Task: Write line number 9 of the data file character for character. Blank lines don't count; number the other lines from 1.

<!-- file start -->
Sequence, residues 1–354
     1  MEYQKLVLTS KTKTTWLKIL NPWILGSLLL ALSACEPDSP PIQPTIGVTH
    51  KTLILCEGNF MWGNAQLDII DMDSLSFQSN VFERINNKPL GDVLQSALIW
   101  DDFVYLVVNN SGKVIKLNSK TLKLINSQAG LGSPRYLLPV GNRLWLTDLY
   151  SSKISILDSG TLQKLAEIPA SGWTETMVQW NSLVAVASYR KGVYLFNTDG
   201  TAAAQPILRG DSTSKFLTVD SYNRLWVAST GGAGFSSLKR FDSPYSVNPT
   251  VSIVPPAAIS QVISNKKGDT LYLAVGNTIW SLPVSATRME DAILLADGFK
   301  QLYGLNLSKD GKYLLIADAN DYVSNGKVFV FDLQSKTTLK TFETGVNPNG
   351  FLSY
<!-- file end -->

   351  FLSY